A campaign promoting the consumption of healthy local food to address the high rate of obesity and the prevalence of chronic diseases in the country has been launched by the Seychelles Health Care Agency.
The Agency is finalising a national guide for Seychelles which addresses food products that the population should be consuming. The guide will be launched towards the end of the campaign to complement the promotion of healthy and fresh local products.
“It is important for us to choose local products, especially in this situation where we already have a high obesity rate in the country,” Stephanie Desnousse, the principal nutritionist at the HCA, told a news conference. Desnousse said that non-communicable diseases are related to obesity and poor food habits, as is high blood pressure and the campaign is an opportune time to address these problems.
Done in partnership with the Ministries of Education and Agriculture, the campaign will be done through a series of videos on different platforms.
“Through the videos, we will give examples on how to prepare a snack box for someone to go to work with or for a child to take to school, how we can use local spices in our food rather than using imported ones. We will also give recipe ideas for lunch and dinner, all of which can be prepared at home,” said Judy Jean-Baptiste, senior policy analyst for food and nutrition at the Health Care Agency.
COVID BRINGS OUT THE URGENCY
“There will also be a documentary where we will talk about healthy eating in general in relation to local product. It is not because we are facing the COVID-19 pandemic that we are asking people to eat healthy foods. There have been other campaigns in the past that have stayed in the head of people for many years even after the campaigns came to an end,” she continued.Another partner on the campaign is the Ministry of Education and Human Resources Development, which will focus on the training of tuck-shop operators in schools.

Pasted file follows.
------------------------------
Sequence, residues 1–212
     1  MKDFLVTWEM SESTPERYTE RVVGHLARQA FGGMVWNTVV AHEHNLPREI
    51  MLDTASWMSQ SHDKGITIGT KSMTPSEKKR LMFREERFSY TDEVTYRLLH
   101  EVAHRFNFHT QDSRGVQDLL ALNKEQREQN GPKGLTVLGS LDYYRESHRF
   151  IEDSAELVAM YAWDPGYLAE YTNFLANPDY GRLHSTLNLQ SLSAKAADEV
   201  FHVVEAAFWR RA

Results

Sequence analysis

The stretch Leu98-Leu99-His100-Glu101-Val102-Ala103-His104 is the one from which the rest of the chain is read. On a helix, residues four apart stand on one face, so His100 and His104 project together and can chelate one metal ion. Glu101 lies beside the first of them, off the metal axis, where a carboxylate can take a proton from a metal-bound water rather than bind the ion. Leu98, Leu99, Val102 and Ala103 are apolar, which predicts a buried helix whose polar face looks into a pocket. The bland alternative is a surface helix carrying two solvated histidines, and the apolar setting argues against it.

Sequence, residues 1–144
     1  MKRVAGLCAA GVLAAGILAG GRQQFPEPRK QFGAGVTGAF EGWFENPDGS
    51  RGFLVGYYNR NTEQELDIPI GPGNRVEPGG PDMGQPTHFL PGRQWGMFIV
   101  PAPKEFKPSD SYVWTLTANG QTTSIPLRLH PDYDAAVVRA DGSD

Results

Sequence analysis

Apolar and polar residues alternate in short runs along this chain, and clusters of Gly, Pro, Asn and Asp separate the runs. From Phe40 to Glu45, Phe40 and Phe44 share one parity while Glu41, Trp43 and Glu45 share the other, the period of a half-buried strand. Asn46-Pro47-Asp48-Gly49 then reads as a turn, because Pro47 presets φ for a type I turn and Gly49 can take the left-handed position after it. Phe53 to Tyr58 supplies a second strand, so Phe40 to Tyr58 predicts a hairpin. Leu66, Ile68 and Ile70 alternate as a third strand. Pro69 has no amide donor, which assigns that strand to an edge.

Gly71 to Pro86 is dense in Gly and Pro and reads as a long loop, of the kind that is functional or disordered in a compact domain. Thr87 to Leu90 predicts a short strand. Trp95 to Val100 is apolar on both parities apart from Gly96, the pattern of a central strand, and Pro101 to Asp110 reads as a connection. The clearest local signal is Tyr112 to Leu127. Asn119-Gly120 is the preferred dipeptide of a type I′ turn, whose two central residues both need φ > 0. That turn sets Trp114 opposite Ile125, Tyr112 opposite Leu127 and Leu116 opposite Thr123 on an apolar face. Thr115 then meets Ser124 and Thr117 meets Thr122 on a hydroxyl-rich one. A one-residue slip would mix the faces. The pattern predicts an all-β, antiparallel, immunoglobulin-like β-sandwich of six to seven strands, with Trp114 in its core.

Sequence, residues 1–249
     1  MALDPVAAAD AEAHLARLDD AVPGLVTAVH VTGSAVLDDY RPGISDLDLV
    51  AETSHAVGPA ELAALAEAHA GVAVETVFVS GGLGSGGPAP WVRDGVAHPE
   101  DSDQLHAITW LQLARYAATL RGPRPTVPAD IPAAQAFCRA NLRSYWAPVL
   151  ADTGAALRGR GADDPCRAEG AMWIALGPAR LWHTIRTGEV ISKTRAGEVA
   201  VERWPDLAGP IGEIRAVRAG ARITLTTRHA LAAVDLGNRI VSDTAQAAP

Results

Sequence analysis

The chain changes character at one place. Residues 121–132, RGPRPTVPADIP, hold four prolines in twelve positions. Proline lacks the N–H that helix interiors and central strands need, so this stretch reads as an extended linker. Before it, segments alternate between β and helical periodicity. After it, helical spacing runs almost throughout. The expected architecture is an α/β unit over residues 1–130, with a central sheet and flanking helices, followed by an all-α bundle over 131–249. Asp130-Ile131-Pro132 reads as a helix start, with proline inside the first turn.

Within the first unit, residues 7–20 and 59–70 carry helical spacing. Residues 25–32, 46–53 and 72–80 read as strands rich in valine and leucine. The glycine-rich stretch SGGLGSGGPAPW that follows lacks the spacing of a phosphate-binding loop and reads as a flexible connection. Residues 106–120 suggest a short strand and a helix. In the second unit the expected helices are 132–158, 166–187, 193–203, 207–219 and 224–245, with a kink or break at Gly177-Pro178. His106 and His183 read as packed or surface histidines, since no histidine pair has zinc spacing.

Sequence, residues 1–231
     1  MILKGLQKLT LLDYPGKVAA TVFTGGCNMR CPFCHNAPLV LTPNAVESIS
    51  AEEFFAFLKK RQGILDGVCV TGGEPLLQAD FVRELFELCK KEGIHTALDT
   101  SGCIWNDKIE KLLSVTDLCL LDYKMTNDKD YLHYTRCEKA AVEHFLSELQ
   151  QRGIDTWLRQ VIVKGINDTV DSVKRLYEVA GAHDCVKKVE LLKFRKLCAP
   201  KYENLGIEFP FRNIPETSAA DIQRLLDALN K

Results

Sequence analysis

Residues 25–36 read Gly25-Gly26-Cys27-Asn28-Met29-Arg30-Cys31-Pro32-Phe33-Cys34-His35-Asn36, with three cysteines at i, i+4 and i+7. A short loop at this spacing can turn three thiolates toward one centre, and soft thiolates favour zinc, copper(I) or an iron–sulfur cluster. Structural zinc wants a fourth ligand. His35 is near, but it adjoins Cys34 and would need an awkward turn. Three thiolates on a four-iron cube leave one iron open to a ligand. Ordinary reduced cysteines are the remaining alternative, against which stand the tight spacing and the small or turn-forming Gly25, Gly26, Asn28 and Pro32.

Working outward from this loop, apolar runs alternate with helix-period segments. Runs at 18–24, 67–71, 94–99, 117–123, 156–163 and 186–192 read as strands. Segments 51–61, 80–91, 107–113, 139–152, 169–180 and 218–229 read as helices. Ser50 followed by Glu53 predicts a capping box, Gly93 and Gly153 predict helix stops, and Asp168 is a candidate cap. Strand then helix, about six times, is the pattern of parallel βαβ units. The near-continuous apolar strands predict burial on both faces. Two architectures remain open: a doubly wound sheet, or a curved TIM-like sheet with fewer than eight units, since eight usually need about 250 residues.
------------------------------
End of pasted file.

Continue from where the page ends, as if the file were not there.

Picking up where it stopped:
The health promotion coordinator at the Ministry, Brigitte Labonte, said that the training is like a refresher course to reinforce the importance of promoting healthy eating at schools.
“Following visits that we have carried out since the start of this school term, we have seen that tuck-shop operators are struggling a lot in terms of the quality of products and the cost. We are looking to see if a partnership with the Farmers’ Association can be established so that we can propose more affordable local products that are sustainable during and after COVID-19,” said Labonte.
The Ministry of Education hopes that this will help children better appreciate local food.The campaign comes at a time when the Ministry of Agriculture is working closely with farmers and fishermen to ensure that these products are available for local consumption.
There are also ongoing works on adding value to these products, making their shelf life longer. The agriculture ministry is also promoting the cultivation of home gardens, which will help in ensuring food security in the country.